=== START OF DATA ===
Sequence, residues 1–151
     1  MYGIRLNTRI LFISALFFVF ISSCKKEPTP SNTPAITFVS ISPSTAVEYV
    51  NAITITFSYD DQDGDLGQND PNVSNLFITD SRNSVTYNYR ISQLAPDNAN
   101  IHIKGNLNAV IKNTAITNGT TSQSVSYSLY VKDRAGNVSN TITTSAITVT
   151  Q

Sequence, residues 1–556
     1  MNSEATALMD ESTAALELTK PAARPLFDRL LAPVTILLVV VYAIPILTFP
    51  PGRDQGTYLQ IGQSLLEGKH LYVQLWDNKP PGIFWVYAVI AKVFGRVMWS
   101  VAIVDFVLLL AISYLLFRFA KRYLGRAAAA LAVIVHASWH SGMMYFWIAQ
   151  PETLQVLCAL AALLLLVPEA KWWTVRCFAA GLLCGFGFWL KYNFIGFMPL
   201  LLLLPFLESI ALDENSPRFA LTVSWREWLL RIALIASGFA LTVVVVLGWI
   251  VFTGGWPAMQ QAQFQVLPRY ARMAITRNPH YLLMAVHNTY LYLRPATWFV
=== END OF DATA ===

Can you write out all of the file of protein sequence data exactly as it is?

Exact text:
Sequence, residues 1–151
     1  MYGIRLNTRI LFISALFFVF ISSCKKEPTP SNTPAITFVS ISPSTAVEYV
    51  NAITITFSYD DQDGDLGQND PNVSNLFITD SRNSVTYNYR ISQLAPDNAN
   101  IHIKGNLNAV IKNTAITNGT TSQSVSYSLY VKDRAGNVSN TITTSAITVT
   151  Q

Sequence, residues 1–556
     1  MNSEATALMD ESTAALELTK PAARPLFDRL LAPVTILLVV VYAIPILTFP
    51  PGRDQGTYLQ IGQSLLEGKH LYVQLWDNKP PGIFWVYAVI AKVFGRVMWS
   101  VAIVDFVLLL AISYLLFRFA KRYLGRAAAA LAVIVHASWH SGMMYFWIAQ
   151  PETLQVLCAL AALLLLVPEA KWWTVRCFAA GLLCGFGFWL KYNFIGFMPL
   201  LLLLPFLESI ALDENSPRFA LTVSWREWLL RIALIASGFA LTVVVVLGWI
   251  VFTGGWPAMQ QAQFQVLPRY ARMAITRNPH YLLMAVHNTY LYLRPATWFV